Downtown Decatur’s The Seen Gallery, more typically associated with James Dean’s wildly popular paintings involving Pete the Cat, has begun 2012 with a clay-sculpture show, “Interpretations,” simultaneously more visionary and more Freudian than Dean’s delightfully ubiquitous feline ever will be.
Jim Bell is the standout artist here, with two life-size figures imitating the greenish patina of bronze. “Winged Kudu Man” features copper wings attached to a ceramic naked male torso complete with realistic genitalia, but with an antelope head instead of a human one. The companion “Tempest” (at left), a statue of a naked young woman, appears perfectly realistic from the front, but the back of the head enters the territory of metaphors or allegories of memory: a naturalistically tinted diorama inset depicts a young girl watching a tornado bearing down on her placid neighborhood. This is familiar enough territory, but Bell’s skill in rendering and tension-filled composition make the piece simultaneously appealing and discomfiting, as the composition suggests both past trauma and present psychic discontents.
The other artists in the show mostly offer female figures of one sort of another. (Michael Klapthor’s quite different, near-slapstick allegories almost seem to belong to a different show and deserve attention at some later date.) Annie Evans’ “Spine,” a nude with steel-rod spine and skeletal pelvis, is one of several semi-realistic figures that spiral off into visual allegory. In the companion “Structure,” a more realistic spine is exhibited by a woman who opens her torso to reveal it. All of Evans’ figures feature some sort of inner revelation or another, metaphors for strength being only one of her themes.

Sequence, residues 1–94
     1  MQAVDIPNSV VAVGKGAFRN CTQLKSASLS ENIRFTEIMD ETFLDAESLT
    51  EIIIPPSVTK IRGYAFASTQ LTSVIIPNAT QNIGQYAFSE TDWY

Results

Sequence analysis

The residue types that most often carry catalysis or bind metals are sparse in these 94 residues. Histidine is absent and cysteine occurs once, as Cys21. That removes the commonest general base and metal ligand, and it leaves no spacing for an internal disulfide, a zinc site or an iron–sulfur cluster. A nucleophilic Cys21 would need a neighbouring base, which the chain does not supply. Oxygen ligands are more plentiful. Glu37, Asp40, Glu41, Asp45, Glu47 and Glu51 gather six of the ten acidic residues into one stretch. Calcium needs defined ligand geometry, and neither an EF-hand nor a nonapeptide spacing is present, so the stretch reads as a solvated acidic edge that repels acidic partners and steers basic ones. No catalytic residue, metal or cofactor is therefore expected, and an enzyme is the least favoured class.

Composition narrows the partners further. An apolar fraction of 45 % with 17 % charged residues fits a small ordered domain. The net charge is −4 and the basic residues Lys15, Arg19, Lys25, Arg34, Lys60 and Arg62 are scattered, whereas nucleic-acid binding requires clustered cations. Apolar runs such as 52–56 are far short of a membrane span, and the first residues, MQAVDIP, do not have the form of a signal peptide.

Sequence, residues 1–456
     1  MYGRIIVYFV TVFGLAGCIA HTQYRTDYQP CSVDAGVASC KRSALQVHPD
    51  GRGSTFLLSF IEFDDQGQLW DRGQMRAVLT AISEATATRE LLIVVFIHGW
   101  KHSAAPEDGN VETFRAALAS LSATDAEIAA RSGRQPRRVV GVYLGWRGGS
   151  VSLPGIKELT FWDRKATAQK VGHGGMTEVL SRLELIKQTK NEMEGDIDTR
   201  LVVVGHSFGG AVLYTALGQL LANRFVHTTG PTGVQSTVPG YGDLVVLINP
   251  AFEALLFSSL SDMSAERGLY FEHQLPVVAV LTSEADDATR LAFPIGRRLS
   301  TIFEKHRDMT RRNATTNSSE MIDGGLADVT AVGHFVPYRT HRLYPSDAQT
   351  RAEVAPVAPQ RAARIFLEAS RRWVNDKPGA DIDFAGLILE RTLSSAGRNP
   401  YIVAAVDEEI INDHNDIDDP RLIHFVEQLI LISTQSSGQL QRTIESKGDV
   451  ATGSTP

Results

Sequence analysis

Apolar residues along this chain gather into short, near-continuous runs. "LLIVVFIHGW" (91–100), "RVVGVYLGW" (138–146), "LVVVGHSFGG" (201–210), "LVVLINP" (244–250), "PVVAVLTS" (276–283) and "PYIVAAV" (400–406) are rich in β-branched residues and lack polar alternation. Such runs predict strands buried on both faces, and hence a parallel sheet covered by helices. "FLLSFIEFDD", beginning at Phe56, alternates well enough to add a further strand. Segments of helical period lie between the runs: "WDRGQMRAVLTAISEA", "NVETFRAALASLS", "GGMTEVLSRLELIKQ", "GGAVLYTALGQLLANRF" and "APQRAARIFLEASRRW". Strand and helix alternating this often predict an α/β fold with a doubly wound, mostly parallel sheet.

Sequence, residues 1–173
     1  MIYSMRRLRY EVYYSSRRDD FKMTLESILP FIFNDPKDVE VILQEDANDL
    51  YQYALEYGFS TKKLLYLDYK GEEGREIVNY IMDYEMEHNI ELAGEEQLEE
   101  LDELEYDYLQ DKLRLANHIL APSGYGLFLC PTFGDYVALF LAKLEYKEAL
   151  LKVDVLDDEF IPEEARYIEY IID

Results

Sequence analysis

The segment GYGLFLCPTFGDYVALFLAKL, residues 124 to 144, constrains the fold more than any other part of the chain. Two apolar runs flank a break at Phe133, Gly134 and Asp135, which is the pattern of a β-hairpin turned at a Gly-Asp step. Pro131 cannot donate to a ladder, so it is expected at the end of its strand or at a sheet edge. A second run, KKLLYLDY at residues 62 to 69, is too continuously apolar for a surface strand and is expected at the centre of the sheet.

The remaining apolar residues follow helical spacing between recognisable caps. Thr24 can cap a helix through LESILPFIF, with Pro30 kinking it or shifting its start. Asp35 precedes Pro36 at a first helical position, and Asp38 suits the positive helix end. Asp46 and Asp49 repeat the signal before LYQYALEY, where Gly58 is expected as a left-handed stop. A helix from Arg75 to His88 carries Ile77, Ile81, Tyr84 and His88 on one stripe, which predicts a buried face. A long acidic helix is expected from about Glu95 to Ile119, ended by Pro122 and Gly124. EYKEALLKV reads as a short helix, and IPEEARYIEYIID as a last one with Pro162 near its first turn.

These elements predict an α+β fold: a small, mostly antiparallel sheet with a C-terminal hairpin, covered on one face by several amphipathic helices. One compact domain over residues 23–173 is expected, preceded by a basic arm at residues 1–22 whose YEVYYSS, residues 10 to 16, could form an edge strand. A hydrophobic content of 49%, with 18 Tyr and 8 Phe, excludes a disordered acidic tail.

Angelika Domschke’s nearly life-size sculpture, “Thoughts of Life,” is a contemplative female with a bindu dot on her forehead and a realist painting of twilit winter woods on her body. The technique and the suggestion of spiritual exploration are enough to capture the viewer’s attention without asking too deeply after the piece’s meaning.
The sense of psychological unease mingled with spiritual solutions permeates the exhibition and highlights the curious intuition that this work exists in an intermediate aesthetic zone that is too darkly probing to allow the viewer anything less than a full-fledged emotional encounter, but too beholden to visual conventions associated with sentiment to allow the work to seem fully contemporary. Juliana Zorka’s hollow female torsos, for example, are strangely archetypal and no less disturbing for being in the uncomfortable position of being too decorative to be truly edgy and too unsettling to offer easy comfort. Melinda Crider has always considered her delicately rendered portrait heads to be lyrically archetypal, but put in this context they seem more literal-minded than spiritually metaphoric. Not, as Jerry Seinfeld famously said, that there’s anything wrong with that.
The show, extended through February 15, is worth the challenge of finding a vacant parking space, though the Decatur MARTA station, directly across the street, offers an alternative method of arrival.